A Slippery Slope

A Slippery Slope

CRA Description : 
In this activity, students will use a plane to study motion with constant acceleration as blocks of various materials slide down the plane at various angles of incline. The assignment assesses studentsʼ ability to understand concepts such as potential energy, kinetic energy, and the conversion of mechanical energy to other forms (via friction). Students will then relate those to kinematics results and to formulate predictions for how much mechanical energy is lost for specific block materials based on these understandings.
Subjects: 
Science
Physics
Key Concepts and Terms: 
Angle of inclination
Conservation of mechanical energy
Friction
Gravitational interaction
Inclined plane
Kinetic energy
Mechanical energy
Motion
Potential energy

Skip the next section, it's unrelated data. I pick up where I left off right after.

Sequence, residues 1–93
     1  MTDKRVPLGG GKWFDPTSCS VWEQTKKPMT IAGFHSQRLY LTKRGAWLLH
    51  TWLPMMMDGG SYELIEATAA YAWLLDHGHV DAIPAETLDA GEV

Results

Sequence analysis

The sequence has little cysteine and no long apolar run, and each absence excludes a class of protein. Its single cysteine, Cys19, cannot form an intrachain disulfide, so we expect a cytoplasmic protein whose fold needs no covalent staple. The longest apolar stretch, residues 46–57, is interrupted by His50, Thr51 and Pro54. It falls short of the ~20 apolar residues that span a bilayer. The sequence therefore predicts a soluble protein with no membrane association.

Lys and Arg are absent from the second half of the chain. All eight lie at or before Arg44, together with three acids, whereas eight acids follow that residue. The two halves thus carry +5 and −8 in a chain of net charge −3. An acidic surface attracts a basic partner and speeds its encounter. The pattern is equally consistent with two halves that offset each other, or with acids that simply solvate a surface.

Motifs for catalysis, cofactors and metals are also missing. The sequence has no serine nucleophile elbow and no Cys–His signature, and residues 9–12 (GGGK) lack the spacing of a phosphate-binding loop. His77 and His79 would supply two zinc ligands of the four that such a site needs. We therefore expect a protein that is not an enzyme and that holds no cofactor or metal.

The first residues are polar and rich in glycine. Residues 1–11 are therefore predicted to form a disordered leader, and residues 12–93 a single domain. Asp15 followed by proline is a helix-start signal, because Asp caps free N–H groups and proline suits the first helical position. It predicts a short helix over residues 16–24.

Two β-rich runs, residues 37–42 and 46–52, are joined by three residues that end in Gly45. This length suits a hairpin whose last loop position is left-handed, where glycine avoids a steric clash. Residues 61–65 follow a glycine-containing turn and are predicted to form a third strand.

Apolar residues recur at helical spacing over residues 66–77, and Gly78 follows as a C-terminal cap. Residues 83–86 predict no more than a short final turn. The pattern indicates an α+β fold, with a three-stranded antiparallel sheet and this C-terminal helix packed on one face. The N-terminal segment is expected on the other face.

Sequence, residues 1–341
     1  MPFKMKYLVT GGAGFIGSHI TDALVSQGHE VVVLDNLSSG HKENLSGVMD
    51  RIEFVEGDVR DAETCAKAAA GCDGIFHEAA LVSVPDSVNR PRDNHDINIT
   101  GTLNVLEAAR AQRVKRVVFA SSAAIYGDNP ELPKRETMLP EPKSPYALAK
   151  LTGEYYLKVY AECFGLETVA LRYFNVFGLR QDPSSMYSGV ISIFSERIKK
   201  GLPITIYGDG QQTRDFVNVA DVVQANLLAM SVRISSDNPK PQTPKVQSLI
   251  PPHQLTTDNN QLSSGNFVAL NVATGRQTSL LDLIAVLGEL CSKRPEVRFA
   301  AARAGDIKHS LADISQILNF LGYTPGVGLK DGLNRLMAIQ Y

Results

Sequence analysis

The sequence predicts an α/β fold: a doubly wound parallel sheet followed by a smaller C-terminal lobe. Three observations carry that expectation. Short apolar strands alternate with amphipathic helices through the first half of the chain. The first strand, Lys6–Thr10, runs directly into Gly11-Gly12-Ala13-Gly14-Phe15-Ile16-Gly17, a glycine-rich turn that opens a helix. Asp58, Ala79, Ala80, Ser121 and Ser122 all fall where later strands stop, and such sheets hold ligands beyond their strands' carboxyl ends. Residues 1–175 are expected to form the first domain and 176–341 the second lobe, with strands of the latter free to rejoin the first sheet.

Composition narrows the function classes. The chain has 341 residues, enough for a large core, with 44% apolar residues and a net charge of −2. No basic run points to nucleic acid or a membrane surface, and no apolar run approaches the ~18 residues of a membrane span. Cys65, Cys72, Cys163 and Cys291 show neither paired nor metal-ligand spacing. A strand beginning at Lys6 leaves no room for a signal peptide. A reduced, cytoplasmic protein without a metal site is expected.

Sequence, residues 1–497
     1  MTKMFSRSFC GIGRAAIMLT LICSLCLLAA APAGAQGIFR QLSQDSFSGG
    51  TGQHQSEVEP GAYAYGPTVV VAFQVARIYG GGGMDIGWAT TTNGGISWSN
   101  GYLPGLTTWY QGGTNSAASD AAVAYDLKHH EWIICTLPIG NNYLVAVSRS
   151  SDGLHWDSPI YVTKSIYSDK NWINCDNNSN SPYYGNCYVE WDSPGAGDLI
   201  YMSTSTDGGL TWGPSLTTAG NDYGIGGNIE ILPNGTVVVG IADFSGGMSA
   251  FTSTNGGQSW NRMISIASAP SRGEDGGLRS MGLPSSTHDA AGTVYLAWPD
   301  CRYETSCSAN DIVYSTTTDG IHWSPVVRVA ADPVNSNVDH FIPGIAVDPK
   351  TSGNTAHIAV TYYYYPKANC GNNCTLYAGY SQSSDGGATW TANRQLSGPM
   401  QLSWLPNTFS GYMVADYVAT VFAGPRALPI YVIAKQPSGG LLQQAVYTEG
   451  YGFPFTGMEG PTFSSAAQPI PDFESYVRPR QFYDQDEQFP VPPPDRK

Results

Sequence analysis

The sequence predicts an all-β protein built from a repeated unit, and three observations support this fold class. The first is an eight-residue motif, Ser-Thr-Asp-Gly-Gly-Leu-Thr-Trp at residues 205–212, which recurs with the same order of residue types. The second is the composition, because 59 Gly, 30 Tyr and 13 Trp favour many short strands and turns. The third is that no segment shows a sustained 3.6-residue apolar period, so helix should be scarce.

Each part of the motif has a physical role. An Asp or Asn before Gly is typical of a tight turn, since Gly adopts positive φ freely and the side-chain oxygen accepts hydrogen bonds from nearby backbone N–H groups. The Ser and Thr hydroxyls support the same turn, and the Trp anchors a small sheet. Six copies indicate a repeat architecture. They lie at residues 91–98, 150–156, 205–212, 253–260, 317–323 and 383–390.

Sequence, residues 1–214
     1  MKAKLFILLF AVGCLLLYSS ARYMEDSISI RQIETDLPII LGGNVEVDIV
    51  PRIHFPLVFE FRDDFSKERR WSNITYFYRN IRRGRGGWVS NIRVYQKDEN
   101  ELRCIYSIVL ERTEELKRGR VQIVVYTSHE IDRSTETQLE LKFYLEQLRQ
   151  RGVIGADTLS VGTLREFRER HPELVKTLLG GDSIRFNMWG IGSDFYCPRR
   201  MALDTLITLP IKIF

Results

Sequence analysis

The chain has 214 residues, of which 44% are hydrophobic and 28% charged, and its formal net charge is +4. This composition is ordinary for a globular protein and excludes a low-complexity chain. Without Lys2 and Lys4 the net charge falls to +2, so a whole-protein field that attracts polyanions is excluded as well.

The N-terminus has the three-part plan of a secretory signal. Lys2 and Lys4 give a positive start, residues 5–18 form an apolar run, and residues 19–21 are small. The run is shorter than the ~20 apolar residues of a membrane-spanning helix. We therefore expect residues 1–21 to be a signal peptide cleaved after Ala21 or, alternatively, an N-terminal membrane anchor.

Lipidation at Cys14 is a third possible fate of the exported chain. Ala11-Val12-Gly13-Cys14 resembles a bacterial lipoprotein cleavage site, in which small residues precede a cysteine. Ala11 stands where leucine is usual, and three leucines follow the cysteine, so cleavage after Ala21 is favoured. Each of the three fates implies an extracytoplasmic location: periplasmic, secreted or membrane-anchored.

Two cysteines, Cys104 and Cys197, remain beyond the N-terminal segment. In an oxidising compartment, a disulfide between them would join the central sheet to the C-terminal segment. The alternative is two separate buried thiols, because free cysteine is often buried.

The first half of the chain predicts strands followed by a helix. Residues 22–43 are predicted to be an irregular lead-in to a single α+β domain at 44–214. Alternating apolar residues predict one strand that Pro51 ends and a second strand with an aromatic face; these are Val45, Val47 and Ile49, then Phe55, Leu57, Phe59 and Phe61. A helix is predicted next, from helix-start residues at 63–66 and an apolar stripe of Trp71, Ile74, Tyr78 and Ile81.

Prior Knowledge: 
Students should understand concepts related to motion with constant acceleration (kinematics), mechanical energy, friction, thermal energy and the conservation of energy. They should have experience measuring and calculating distances, lengths, times, and masses as well as have a basic knowledge of mathematics and skills consistent with high school algebra, geometry, and trigonometry. Students do not need to understand concepts related to work and frictional forces, coefficients of friction, normal forces, etc., for success in this assignment. Students can simply consider energy loss per meter of track and how that changes for various angles of incline.

Comments

SInce I teach on-level Conceptual Physics, this lesson would require too much modification to make it worth the time to use.  Conceptual Physics minimizes the math and keeps the math at an Algebra 1 level.  The trigonometry required is way beyond the ability of my students.  Another problem with this CRA for me is that it introduces thermal energy too early while not using topics such as work and frictional forces.  I could see teaching this CRA to a Pre-AP Physics class of students taking Pre-Calculus concurrently.  Geometry teachers please teach your students some right angle trig because it is needed early in Physics and the Pre-Calculus teachers may not get to it soon enough.

Submitted by linchm (not verified) on